Fighting a social scourge and dealing with organized crime: an uphill battle!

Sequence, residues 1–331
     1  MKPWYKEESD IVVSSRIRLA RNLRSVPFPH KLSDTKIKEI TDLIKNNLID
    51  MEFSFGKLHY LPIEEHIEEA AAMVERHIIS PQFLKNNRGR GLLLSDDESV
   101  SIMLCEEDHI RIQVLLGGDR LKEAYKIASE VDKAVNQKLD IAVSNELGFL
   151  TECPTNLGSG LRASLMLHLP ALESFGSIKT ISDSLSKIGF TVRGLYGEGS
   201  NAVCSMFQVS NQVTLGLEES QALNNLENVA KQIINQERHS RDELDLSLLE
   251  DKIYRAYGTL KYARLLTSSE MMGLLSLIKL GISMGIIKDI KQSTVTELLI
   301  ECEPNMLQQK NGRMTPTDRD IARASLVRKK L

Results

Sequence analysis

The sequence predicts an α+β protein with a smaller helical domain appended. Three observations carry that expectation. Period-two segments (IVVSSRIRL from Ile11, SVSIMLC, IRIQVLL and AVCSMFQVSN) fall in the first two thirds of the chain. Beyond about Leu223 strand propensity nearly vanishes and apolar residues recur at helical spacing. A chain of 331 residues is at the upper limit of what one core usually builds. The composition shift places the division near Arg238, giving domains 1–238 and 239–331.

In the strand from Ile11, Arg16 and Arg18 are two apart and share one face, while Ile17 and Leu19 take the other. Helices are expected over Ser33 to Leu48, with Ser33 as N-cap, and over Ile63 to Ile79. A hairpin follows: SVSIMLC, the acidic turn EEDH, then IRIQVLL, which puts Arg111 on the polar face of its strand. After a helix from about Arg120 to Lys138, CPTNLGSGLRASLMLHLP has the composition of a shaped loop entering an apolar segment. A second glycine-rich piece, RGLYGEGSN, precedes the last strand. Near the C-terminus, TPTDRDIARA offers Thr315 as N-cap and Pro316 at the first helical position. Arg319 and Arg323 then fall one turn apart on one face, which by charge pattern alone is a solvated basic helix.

The illicit drug trade in the EU is estimated to generate €24 Billion in revenue each year. Around 35% of the organized crime groups active in Member States are involved in the production, trafficking and distribution of such drugs. And 620 new substances -synthetic drugs and new psychoactive substances- were detected over the last 5 years. These figures (Report Europol 2017) highlight the magnitude of the problem. It is in this context of huge pressure on the police services and the judiciary but also on social services that the debate about drug legalization has been re-launched. To date, several european countries including Portugal, Spain, the Netherlands and Germany have passed legislation allowing the use of medical cannabis. It is estimated that almost 24% of European adults have already used cannabis (European Drug Report 2017). It is the most widely abused drug in Europe. In light of this, should we legalize cannabis? The main argument for legalization is that it would significantly reduce the criminal networks associated with the drug trade. The main argument against the legalization is that cannabis is highly addictive and could be the gateway to hard drugs. Having said that, and given the unbounded inventiveness and the considerable power of these criminal organizations we are convinced that they will have no difficulty in entering the licit market of drugs. Today, it is clearly established that drug problems intensify across the world. Many agree that the current drug policy is not working. But they have no credible plan to stop this plague. Of course, drug legalization will not be a panacea. However, we cannot just say that this is more or less an endless fight. Confronted with these huge challenges, we must not give up and admit defeat!